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  • Writer's pictureSandy

A Thing of Beauty

We should be lifting each other up and cheering each other on, not trying to outshine one another. The sky would be awfully dark with just one star. (Stacie)

I want to start this blog by telling you right now, I think YOU ARE BEAUTIFUL!!! Whether you are going through hair loss or not, most of us need to hear it. We can spend all day telling ourselves “you are fine”, or “everything is fine” but rarely do we say to ourselves “you are beautiful”. Maybe your new self-talk should be “you are beautiful, you got this.” Can you imagine what the differences this could make to your overall feeling on a daily basis?

When I began losing my hair and decided to take the step to shave it off, I thought it would be a dramatic event for me. Instead it felt good because it was me taking control of a situation when I felt it was out of my control. One of the first things I heard was, “you’re lucky, you have a nice shaped head.” It was hard to respond to that statement at first. Going from always having very thick hair to nothing was a challenge. Eventually the response of “Thank you” was all I could muster, because what else could I say? I have no hair, but I have a nice shaped head so I should be grateful, I guess. I by no means want to say I’m ungrateful to all the people that tried to make the best of my situation. Everyone I came contact with was always trying to be positive, and I am so appreciative of that, but there were days I just needed time to figure out the new me.

The new me had to figure out what made me feel beautiful in a different way. Making an effort to feel good about myself became a priority. Putting makeup on, even though I didn’t plan on leaving the house made an occasional glimpse of myself in mirrors easier. Walking out the door with a fun outfit and coordinating scarf/hat, earrings and bright lipstick gave me confidence to be out in the public. It was never easy at first, but you realize most people are genuinely supportive of this journey you are on.

People did ask to see what my bald head (it wasn’t completely bald all the time, I still had some random hairs that stayed) looked like. Whenever they asked, I would usually just whip my hat/or scarf off. Showing someone what you looked like was not going to change the fact that you had no hair. From the time I was diagnosed, I knew I wanted to be as open with people about my journey as I could. I had so many people’s support, how could I not be open. Thinking back, I didn’t think beautiful was a word that I thought of very often, but I did learn to feel good with my new normal.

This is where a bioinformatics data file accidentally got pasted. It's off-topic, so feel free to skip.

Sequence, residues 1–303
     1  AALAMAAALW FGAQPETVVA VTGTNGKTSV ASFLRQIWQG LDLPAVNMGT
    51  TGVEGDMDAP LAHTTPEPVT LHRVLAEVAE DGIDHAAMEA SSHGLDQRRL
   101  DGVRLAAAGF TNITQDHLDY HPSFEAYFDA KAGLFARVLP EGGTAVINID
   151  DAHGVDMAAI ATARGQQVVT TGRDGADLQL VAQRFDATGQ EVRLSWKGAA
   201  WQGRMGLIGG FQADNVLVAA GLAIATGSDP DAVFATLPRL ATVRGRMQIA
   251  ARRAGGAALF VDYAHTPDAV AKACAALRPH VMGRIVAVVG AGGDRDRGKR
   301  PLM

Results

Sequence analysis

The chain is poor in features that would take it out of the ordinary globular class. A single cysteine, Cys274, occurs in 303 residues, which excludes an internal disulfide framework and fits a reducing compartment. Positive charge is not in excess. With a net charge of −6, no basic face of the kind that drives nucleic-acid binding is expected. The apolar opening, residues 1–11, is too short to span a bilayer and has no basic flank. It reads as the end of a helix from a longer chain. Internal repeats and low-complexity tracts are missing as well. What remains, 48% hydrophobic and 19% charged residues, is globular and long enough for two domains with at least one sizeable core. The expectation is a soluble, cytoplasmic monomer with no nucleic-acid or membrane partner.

Once I finished chemo, I was so anxious for the hair to come back. It felt like it took forever. But it did start growing back. Again, people were always curious at what stage of hair growth I was in. Finally, I ripped the band aid off so to speak and stopped wearing anything on my head. Once I did this, it was a topic of discussion, usually daily. Sometimes I felt like a pregnant lady because people even wanted to touch it and usually did with my okay. Why not? People wanted to support me and experience it with me, so I did not deny them. Letting people in during your journey gives you a healing that is so important during this. It gives a chance for the healing to happen on the inside (like your heart and head) knowing that so many people are with you.

I’m now 7 months post chemo. My hair is now salt and pepper….maybe more salt than pepper. It is very curly, which I have never experienced in my lifetime and it is again super thick. As this journey is always challenging you, I’ve had to figure out how to make myself feel beautiful. Sometimes each day may hair feels different, some days you just have to do your best. I’ve found that what works for me is to keep it short, otherwise the thick curls get a little too much for me to handle. It may look easy, but most days it just feels out of control😊

What I have learned from this part of my cancer journey is this: We all have different ideas of what beautiful means. I believe each person is beautiful in many different ways and we need to take time to remind ourselves of this, often. So, switch up your self-talk, you know, that voice that replays in your head and make a point to tell yourself many times during the day “YOU ARE BEAUTIFUL.” If you need some convincing, here is a great song by MercyMe that reinforces it (play it on repeat!!). Learn from me, don’t just feel good during your cancer journey, FEEL BEAUTIFUL!

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